But I got a callback and I found out basically that it was the casting directors who liked me so much and pitched them and were like, “Lou is good. Try him.” I somehow got the callback and I found out, “I’m going to go get to meet Bruce Campbell at the callback? I am going!” So I went to go meet Bruce Campbell at the callback, and it was the coolest fucking thing in the world. So just saying hello and being in that room with all of them was the most badass thing. I couldn’t believe I got it. Three days later I found out I got it, and it was just impossible. It was like a dream come true, because as it was going on I was learning more about it and I realized they were doing things practically, and that was my biggest thing. I literally thought in my head, “If I go to this second audition, I want to go to the director and say, ‘If you put CGI in this movie, I’m going to kill you.'” But he didn’t, without me even saying anything. It’s true, he knew what it really needed. Fede has good taste and a good eye for what people want.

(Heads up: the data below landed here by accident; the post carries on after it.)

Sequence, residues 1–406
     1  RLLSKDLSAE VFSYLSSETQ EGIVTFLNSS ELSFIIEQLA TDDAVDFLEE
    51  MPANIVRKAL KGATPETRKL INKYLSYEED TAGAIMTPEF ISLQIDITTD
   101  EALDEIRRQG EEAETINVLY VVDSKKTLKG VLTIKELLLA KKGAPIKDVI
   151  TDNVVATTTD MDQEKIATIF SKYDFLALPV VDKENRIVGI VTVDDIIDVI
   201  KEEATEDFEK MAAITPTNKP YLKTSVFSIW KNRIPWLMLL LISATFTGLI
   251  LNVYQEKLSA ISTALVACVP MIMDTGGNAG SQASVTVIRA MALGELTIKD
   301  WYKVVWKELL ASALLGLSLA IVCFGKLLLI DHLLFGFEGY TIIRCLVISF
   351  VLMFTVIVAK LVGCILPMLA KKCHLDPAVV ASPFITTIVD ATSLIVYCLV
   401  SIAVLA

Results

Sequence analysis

Capone: As a fan of the original, there are certainly a lot that has been changed, characters are different and yet share similar qualities to some of the people in the original. What did you like about what they changed? Or did you like it because they changed it and didn't try and copy something, as you said, perfect?
LTP: I really liked that they changed it. I loved that they did not have a Bruce Campbell character. That was the main love of the whole idea was that it was going to be a heroine instead of a hero, and the heroine was on heroin, and this trip is her detox.
Capone: You’re blowing my mind.
LTP: I know! But the detox idea was such a good one, and it made so much logical sense that I could see that they really cared about the idea, the thought behind it.
Capone: It was a good idea. It makes her mind vulnerable to attack.
LTP: Right. And why would we not let her out? If someone was seeing things, why would that not be unusual? It’s because she’s detoxing. It filled in all of the gaps and the holes. It was nice. It was really cool to have somebody care about why we were there, and the whole thing gains a little bit of sincerity.